The University of Arizona

Ellis Island: Gatekeeper of the "Undesirables"

Rebecca Lange

Abstract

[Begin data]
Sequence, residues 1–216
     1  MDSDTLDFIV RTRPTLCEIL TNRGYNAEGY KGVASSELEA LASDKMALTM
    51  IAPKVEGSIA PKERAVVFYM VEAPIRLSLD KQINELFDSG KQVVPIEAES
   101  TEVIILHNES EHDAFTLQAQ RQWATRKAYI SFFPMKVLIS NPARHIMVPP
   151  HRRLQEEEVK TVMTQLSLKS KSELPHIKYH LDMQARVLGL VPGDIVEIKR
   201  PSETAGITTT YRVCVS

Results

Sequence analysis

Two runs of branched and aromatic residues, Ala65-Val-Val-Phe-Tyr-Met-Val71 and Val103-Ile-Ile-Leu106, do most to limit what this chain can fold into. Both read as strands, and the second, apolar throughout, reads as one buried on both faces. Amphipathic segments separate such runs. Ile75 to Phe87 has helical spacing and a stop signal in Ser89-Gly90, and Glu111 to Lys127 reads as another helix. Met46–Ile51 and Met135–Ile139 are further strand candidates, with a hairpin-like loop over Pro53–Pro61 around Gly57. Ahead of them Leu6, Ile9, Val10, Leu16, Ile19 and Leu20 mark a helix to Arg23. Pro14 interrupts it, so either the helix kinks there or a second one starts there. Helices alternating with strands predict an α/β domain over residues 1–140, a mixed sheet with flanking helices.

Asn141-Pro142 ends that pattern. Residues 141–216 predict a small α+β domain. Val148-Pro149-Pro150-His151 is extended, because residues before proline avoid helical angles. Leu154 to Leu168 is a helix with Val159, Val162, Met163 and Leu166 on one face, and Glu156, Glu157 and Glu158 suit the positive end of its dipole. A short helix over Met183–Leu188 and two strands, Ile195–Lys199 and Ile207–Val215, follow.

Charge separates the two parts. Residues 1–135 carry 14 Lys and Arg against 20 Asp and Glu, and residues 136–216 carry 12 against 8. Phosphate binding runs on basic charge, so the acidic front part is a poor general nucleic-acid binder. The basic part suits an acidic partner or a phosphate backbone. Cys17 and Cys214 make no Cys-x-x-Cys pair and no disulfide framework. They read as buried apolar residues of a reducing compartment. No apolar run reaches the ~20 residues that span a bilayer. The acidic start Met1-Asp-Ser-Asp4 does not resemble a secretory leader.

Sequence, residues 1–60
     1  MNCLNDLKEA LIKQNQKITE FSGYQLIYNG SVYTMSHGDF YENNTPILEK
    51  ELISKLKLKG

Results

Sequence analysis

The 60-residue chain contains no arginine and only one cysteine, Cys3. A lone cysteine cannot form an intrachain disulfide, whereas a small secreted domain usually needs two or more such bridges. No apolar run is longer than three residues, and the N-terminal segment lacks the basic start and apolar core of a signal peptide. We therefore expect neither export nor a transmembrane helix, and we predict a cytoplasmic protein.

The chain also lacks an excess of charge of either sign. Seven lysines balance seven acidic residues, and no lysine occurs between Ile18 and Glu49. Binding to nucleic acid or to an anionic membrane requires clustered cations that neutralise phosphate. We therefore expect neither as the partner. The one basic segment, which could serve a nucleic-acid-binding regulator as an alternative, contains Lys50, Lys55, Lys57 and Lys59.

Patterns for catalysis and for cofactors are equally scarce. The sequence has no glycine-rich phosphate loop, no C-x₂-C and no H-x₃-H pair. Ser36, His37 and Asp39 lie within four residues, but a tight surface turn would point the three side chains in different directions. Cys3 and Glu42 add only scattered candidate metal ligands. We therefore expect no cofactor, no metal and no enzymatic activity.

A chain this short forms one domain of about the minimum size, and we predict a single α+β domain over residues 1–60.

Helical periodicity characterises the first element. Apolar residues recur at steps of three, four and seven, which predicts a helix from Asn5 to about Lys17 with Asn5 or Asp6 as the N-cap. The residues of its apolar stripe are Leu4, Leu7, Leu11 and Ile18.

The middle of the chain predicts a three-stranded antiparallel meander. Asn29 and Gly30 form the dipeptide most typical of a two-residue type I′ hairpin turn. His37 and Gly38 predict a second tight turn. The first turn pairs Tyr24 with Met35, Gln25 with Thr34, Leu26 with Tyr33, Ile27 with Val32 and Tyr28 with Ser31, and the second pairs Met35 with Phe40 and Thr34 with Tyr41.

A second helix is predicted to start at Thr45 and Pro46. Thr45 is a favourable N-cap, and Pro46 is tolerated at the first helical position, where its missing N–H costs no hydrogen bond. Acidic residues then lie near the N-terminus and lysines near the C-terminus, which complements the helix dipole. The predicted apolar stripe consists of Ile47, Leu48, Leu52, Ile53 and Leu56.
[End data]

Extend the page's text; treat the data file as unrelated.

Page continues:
Following World War I, America experienced an influx of immigrants from war torn nations across Southern and Eastern Europe. However, due to post-war xenophobic sentiments, these “new immigrants” were determined to be highly undesirable for American society. The government and citizenry alike began to fear the effect these public charges would have on greater American society, and assimilation began to become favored over diversity. What was formerly the nation of a “melting pot” mentality became one that feared a lack of conformity. Through both government influence and citizens’ own prejudices, these national ideals manifested on Ellis Island itself. The overall result was increased medical detainments of the new immigrants without cause, as one’s potential in society had become intrinsically linked to medical health. Overcrowding due to these erroneous detainments led to unsanitary conditions, food shortages, and poor treatment of immigrants. Many of these immigrants documented a frightening, unjust experience, while medical records and commissioner memoirs confirm the unfair detainments and misguided treatments. Looking at both first person accounts and published works, this article analyzes how the immigrant experience on Ellis Island from 1910-1940 was affected by changing American sentiments at large, as well as other existing factors such as race, gender, and ability.

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